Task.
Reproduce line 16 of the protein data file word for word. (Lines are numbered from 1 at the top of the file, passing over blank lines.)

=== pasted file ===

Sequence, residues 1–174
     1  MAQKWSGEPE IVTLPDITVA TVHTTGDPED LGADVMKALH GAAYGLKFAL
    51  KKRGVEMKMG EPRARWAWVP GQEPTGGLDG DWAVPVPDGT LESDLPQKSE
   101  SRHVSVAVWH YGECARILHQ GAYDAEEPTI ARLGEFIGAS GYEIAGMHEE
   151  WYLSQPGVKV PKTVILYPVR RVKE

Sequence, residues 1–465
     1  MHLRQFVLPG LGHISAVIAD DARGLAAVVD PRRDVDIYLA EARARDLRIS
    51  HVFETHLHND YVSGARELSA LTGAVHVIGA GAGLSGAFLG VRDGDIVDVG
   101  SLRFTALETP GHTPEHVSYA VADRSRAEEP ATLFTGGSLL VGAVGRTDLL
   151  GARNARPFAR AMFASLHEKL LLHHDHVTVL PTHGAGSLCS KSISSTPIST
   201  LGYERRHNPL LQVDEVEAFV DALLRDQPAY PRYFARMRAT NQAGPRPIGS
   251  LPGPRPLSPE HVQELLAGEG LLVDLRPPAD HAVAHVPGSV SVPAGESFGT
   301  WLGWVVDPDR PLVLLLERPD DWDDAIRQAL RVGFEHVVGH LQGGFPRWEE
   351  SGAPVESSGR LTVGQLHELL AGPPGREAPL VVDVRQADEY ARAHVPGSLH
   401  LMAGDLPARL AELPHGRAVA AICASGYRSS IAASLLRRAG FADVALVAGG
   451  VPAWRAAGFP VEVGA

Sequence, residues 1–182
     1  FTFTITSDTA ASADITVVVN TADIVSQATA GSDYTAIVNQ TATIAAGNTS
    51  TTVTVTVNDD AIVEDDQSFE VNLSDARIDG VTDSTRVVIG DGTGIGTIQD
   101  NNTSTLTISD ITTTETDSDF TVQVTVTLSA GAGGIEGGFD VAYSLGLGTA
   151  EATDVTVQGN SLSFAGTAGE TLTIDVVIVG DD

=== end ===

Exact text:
   451  VPAWRAAGFP VEVGA